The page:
FOUNTAIN HEAD HEALTH STORE The Fountain Head Health Store in Fergus held a 25th anniversary celebration at the end of January. The Fountain Head Health Store and Red Door Café are located at 212 St. Andrew St. W., Fergus. For more information call 519-787-5123. IVAN ARMSTRONG TRUCKING Ivan Armstrong Trucking is celebrating its 50th anniversary this year. The Arthurbased trucking company is owned by Diane and Ivan Armstrong and their daughter Amy Van Ankum. For more information call 519-848-2645. MINTO CHAMBER OF COMMERCE The Minto Chamber of Commerce is celebrating its 20th anniversary this year. Re-branding is taking place and the official launch took place at the Annual General Meeting at Gramma Jo’s on Feb. 4. For more information visit mintochamber.on.ca, call 519-510-7400 or visit email@example.com. H. BYE CONSTRUCTION H. Bye Construction in Mount Forest is celebrating its 65 anniversary. For more information visit www. hbyeconstruction.com. MOLOK NORTH AMERICA Moloc North America is celebrating its 20th anniversary this year having been in operation since 1999 and is headquartered in Mount Forest. WILMOT FINANCIAL SERVICES INC. Wilmot Financial Services Inc. is celebrating its 25th anniversary this year. The business is located at 181 St. Andrew St. E., Unit #6, Fergus. For more information call 519-787-4627. NORTH WELLINGTON CO-OPERATIVE SERVICE INC. The North Wellington Co-Operative Services Inc. is celebrating its 75th
26 | BUSINESS LEADER WELLINGTON COUNTY
anniversary this year. On July 13 all four branches will be holding a barbecue from 11am to 2pm as well as offering sales and specials. LLOYD SCOTT ENTERPRISES LTD. Lloyd Scott Enterprises Ltd. in Alma is celebrating its 50th anniversary this year. The business helps clients with home renovation projects, from aluminum siding, new windows and doors, to custom kitchen cabinetry. Located at 46 Peel St. in Alma, Lloyd Scott Enterprises Ltd. is rooted in Wellington County. To contact the business visit lloydscottenterprises.com or call 519-8465871. ASKETT’S APPLIANCES CENTRE Askett’s Appliance Centre is celebrating 50 years in business. The business is located at 222 Main Street West in Palmerston. Customers can stop by or call 519-3433512 to congratulate owner Keith Askett. CREEKBANK SEWING MACHINE SHOP Creekbank Sewing Machine Shop is celebrating its 10th anniversary. The business is owned by Vernon and Minerva Knorr and is located at 084696 Southgate Road 8 in Mount Forest. The business offers full service and repair on all makes of sewing machines, specializing in Bernina Dress fabrics, workshops, etc. For more information call 519-323-2693. EDEE’S PLACE Edee’s Place in Listowel is celebrating its 25 anniversary. Located at 1180 Wallace Ave. N., the supply store serves dancers, gymnasts, skaters and hockey players with new and used equipment. For more information call 519-291-5164. The business is open Monday to Saturday or by appointment.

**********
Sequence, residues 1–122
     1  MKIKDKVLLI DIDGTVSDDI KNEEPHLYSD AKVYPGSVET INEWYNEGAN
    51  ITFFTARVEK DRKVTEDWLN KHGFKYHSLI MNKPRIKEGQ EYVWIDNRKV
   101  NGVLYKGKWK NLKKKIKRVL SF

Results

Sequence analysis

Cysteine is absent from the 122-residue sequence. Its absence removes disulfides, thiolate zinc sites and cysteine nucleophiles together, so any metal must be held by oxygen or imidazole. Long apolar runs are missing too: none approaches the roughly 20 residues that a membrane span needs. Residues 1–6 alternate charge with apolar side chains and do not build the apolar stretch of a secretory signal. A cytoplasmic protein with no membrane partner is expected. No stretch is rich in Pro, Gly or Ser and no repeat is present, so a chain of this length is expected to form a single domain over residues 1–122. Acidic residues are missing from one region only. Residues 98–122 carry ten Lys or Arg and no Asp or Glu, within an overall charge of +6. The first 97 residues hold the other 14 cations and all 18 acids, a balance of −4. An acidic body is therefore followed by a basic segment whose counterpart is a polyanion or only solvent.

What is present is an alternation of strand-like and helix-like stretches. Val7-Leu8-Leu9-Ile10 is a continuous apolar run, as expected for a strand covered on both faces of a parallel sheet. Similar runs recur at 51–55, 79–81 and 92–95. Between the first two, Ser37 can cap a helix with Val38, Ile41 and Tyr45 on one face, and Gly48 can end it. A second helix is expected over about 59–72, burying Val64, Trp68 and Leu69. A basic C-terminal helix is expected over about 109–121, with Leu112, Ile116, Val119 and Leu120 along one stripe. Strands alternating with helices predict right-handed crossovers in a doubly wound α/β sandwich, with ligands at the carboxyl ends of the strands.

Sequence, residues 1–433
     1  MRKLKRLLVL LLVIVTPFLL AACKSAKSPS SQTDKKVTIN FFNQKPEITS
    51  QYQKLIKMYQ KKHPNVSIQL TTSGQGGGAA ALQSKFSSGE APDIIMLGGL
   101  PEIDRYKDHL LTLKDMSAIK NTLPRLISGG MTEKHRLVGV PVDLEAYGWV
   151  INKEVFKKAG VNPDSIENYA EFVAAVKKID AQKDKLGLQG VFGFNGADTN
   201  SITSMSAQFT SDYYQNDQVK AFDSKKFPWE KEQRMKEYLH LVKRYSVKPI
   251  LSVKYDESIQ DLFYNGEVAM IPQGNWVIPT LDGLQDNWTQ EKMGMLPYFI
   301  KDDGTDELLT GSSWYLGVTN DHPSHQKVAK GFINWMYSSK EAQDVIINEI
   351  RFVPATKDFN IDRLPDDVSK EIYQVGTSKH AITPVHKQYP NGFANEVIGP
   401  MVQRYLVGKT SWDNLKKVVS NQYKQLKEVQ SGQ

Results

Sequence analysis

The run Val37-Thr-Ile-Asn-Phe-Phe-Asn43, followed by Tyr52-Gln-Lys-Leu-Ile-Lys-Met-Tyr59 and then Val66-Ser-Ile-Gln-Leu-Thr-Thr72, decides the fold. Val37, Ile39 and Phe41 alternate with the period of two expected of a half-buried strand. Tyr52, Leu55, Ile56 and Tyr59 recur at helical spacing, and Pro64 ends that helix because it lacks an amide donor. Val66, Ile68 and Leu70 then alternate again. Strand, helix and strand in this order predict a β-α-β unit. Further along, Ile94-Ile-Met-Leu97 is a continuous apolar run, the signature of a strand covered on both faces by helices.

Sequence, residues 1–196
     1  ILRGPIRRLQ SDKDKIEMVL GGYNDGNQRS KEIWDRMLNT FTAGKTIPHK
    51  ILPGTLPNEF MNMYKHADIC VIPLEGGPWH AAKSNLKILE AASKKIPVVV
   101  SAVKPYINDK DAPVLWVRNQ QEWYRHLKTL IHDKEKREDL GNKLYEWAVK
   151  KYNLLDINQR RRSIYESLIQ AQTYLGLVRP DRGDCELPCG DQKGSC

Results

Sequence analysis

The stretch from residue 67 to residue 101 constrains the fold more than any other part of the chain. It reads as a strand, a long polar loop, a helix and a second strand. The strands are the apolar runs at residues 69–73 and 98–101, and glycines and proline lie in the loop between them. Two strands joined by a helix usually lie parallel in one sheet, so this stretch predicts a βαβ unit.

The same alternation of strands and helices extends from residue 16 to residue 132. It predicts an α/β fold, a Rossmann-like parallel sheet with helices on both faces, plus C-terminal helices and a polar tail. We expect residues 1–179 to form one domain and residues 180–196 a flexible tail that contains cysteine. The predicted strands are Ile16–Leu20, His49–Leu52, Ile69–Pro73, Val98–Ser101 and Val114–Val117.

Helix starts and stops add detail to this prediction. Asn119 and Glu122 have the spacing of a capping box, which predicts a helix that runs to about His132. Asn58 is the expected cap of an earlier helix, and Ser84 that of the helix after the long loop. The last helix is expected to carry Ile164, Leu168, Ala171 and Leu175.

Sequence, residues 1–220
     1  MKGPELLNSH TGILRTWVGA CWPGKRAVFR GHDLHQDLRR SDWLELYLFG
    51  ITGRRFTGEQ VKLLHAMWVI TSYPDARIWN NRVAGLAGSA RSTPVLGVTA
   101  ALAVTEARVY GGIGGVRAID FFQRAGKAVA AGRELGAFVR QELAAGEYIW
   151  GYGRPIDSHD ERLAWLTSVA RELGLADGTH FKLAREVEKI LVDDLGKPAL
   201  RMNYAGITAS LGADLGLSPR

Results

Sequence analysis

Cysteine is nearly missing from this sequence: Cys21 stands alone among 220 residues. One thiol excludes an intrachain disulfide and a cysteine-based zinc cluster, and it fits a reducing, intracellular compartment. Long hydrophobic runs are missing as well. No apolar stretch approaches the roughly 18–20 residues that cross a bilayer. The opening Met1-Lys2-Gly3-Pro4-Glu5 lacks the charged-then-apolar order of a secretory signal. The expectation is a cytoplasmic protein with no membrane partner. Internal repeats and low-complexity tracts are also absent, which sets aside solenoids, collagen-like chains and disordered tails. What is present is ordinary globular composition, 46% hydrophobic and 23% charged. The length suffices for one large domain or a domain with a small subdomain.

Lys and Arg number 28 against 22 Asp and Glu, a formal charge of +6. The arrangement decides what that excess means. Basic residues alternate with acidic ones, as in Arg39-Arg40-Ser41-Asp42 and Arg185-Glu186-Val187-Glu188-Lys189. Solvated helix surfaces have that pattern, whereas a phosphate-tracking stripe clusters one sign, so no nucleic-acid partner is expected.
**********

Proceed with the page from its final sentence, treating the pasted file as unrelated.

PHOTOS: LEFT: JAIME MYSLIK, RIGHT: SUBMITTED
JESTER’S FUN FACTORY Jester’s Fun Factory in Fergus once again facilitated the creation of the world’s largest mass-produced jigsaw puzzle. This time the puzzle, called “Around the World,” is 24 feet long and contains 42,000 pieces. Working on the puzzle earlier this year, from left, are: Sharon Brioux of Orton, Jennifer and Michelle Coyle of Kitchener, and Kim Walker of Fergus.
The Three Biggest Problems You’ll Have With Most IT Support Companies, And How PlanetCPU Overcomes Them All If you are a highly successful, results-oriented business owner trying to focus your energy on growing your business, but you find yourself constantly distracted and frustrated with computer problems, read on. Our names are Mark Reed and Terry Godreau, CEO’s of PlanetCPU. We specialize in making IT “invisible” to our clients – you simply tell us what you are trying to accomplish in your business and we make it happen without excuses, problems or complexity.
And because we utilize cloud computing and other advanced IT solutions, we can typically lower our clients’ IT costs by 32% to as much as 71% while simultaneously eliminating all the aggravation you feel with your current computer guy. Although this isn’t an amazing concept, I’m amazed at how many IT firms can’t get this right. In fact, our research has shown that most business owners like you have 3 big problems when dealing with most IT support companies. See if you agree…
MARK REED AND TERRY GODREAU
The Three Biggest Complaints Business Owners Have About Most IT Firms Problem #1: You Have Constant Technical Problems.